Monday, 8 September 2014

Remind app

Do you need an easy way to send out mass emails or text messages as reminders for students?  From the creators of what was formerly known as Remind 101 (the web app), the Remind app allows you to create an account within a few minutes and set up contact lists quickly and easily.  You are able to hide the personal contact email addresses, protecting the privacy of student information.  It is available for free on iTunes.  Check out BridgingApps' review on the app for further information.

Friday, 13 June 2014

Assistive Writing with Proloquo2Go and Pictello

In my search for a symbol supported writing option, I came across a wonderful written tutorial on how to pair Proloquo2Go with Pictello for writing purposes.  If you have a student at the beginning stages of written composition, you might consider having the student compose sentences using Proloquo2Go and copying them over to Pictello, in Wizard Mode.  SET-BC has a step-by-step set of instructions to create a digital book using Proloquo2Go and then transferring it over to Pictello. You can find the instructions here.

Thursday, 5 June 2014

Using Dropbox to Share Backups of Proloquo2Go

I have created a document that will provide some information about how to send backups of Proloquo2Go from one device to another.  All that is needed is a free Dropbox account and a saved backup of Proloquo2Go.  Here is a link to an info sheet, or if you are a visual learner, here is a link to a great video by AssistiveWare, the developers of Proloquo2go.

Tuesday, 20 May 2014

Big Mac Math

Looking for something to spice up your math lesson plan? has some interesting, real-world math activities that could easily be integrated into a variety of curricular areas.  If you are teaching a Foods and Nutrition class, you might want to take a look at this math lesson that has students determine how long it would take celebrities in differing weight categories to burn off items like a McDonald's Big Mac, while performing different physical activities.  All the lessons I perused dealt with topics that would apply to teens, texting while driving, relationships, movies, sports statistics, all while pulling in a variety of math concepts.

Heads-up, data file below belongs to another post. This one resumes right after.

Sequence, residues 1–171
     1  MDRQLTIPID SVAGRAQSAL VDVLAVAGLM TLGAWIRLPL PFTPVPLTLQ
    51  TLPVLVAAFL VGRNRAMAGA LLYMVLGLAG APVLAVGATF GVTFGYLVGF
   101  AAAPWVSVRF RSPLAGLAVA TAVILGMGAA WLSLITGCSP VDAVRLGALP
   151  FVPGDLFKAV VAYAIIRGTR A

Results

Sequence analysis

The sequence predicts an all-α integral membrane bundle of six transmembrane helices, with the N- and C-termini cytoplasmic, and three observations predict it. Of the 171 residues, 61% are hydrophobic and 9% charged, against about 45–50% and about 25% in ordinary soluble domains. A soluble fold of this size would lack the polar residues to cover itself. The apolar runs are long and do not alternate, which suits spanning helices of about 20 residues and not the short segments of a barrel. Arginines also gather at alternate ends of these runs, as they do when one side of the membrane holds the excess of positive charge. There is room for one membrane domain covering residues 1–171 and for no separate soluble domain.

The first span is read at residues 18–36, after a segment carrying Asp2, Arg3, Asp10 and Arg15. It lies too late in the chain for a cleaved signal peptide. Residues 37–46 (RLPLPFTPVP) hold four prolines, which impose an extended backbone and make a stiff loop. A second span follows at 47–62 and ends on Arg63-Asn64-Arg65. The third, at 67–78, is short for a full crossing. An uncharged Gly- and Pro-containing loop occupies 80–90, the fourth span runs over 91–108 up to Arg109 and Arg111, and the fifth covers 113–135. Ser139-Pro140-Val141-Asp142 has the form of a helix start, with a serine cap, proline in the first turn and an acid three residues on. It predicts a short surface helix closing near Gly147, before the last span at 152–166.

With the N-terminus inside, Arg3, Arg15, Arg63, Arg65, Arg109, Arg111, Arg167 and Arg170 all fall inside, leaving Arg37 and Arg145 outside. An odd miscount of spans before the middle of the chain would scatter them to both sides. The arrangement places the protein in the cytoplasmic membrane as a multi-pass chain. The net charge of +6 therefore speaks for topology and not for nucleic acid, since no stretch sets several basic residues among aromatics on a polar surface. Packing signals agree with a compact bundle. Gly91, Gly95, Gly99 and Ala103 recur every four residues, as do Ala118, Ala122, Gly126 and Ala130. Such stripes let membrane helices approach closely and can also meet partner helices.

Wednesday, 7 May 2014

Quick Tips for Managing Student iPads in the Classroom

If you have ever hesitated to use iPads in the classroom because you have feared that it would become a classroom management nightmare, then I have a few hints and tricks to enable you to manage and control the content that students are accessing in the classroom.  

NearPod- this free app allows the teacher to control the content that appears on student devices.  Teachers sign up for a free account, create presentations using a variety of content from the web, and have students sign into a student account and enter a PIN to view the teachers created presentation.  There is a video preview of this app available here

Guided Access- In the Apple iOS software, the option to lock a student into an app is as easy as activating guided access.  Go into Settings>General>Accessibility and under Learning, turn on Guided Access.  You will be prompted to enter a passcode, which you should keep to yourself.  When you would like to have students work in one specific app for a particular amount of time, triple click the home screen button and select START at the top right hand side of the window that appears.  You will see a notification that Guided Access has been enabled.  Students will not be able to exit the application, unless they have the passcode. You can end Guided Access by triple clicking the home screen button and selecting END.  

Air Drop- With an iPad 4, a WIFI connection, and the latest edition of the iOS7 software, you can push content such as photos or webpages to students.  To activate AirDrop, swipe from the bottom of your device's screen until the control panel appears.  Here, you can tap on AirDrop, select the people to whom you would like to be discoverable, and then decide what you would like to share with students.  In apps that you see the option to share, you can then determine the people you would like to push the content out to based on the name of the device.  This could include photos in your photo app, webpages you have searched out in Safari, or other apps that have the following logo:

Apps to Explore the Human Body